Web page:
Varoufakis’ speech last Michaelmas was thought to attract over a thousand students
[The following is re-posted from the Cambridge Union’s The Tab]
With the Autumn Statement of the new Government looming, the Cambridge Union takes over Inner Temple hall to question the dominance of austerity politics in the United Kingdom. Yanis Varoufakis, the ex-Greek Finance Minister, will be speaking in favour of the motion ‘This House has Lost Confidence in Austerity’. Joining him on the Proposition side will be former Secretary of State for Business Vince Cable and Lord Karan Bilimoria. Facing them across the floor on the Opposition bench will be the former Executive Director of Conservatives IN Charlotte Vere and Head of Public Policy at the Institute of Economic Affairs, Ryan Bourne. The confirmation of Varoufakis will cause a slight switch-up for the Union’s President-Elect Kate Dunbar, who will move from the Proposition to the Opposition. Continue reading →
Stefano Fassina points out that in my article ‘Europe’s Left After Brexit’ I did not discuss his preferred option for Eurozone member-states: Stay in the EU but leave the euro. Of course the reason my article did not discuss that position is that it was focusing on Brexit and addressing Lexiteers like Tariq Ali and Stathis Kouvelakis who are arguing, from a left-wing position, for leaving the EU altogether – i.e. Brexit-like moves. But I am more than happy to comment on Stefano’s preferred option (In the EU, Out of the Euro) here. Continue reading →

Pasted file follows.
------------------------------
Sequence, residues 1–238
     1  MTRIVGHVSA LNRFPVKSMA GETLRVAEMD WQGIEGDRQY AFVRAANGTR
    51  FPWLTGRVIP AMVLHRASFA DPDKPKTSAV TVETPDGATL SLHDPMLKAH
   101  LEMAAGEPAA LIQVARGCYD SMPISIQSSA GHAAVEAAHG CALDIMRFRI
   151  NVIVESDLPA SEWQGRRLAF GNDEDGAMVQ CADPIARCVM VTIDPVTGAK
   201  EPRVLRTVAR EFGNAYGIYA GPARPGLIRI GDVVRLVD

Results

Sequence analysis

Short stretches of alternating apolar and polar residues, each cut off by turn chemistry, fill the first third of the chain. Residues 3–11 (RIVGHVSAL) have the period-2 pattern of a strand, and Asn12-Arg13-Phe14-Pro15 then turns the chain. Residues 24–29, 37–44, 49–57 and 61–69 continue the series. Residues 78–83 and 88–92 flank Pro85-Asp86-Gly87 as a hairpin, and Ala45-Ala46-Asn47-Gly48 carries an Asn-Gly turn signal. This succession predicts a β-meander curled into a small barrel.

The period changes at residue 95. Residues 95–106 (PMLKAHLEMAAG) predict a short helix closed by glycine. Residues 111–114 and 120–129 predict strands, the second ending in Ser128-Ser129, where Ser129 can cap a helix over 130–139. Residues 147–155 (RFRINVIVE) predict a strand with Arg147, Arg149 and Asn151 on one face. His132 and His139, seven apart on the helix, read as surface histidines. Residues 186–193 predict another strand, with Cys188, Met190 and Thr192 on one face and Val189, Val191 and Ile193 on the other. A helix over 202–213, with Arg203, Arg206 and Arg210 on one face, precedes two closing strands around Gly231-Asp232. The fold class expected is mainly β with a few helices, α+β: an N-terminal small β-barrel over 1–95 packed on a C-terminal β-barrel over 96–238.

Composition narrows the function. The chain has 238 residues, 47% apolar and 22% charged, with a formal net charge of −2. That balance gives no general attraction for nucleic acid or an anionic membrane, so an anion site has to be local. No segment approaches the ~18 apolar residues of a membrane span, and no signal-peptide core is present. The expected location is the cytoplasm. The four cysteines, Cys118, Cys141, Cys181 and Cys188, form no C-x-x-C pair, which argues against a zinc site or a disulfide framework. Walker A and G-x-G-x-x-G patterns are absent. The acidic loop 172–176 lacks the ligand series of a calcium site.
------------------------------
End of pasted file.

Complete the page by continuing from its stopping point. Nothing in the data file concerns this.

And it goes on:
13 September 2016 (Click here for the openDemocracy site)
What role does national self-determination and ‘self-government’ play in European and human emancipation today? Yanis Varoufakis replies for DiEM25.
Yanis Varoufakis has recently been engaged in debating this key question for our times with the left. (See more.) Here, we try to open out the argument further. In his confrontation with the Eurogroup over its policy towards Greece, Yanis claimed to stand for those suffering from its policies everywhere. A much larger argument with opinion formers across the spectrum is essential. Now we’d like to test these claims, especially in their application to the strategy Yanis and others are developing for DiEM25, the cross-European network.
Anthony Barnet, Rosemary Bechler, Alex Sakalis.(oD)
In reply to Tariq Ali, Stathis Kouvelakis, Vicente Navarro and Stefano Fassina on DiEM25’s plan for resisting within the European Union
Preface: This article (published in edited form in Jacobin, Neues Deutschland, Il Manifesto, Mediapart and elsewhere) addresses left-wing critics of DiEM25 claiming that DiEM25 is pursuing the wrong objective (to democratise the EU) by means of a faulty strategy (focusing at the European rather than at the national level). This response, while addressed to left-wing supporters of Lexit (the strategy of calling for referenda in favour of leaving the EU, Brexit style), is pertinent also as questions raised often within the other political traditions that DiEM25 seeks to unite in the struggle to democratise Europe; i.e. authentic liberals, ecologists, feminists, members of pirate parties, activists unwilling to be embedded in existing parties, progressive conservatives even.Continue reading →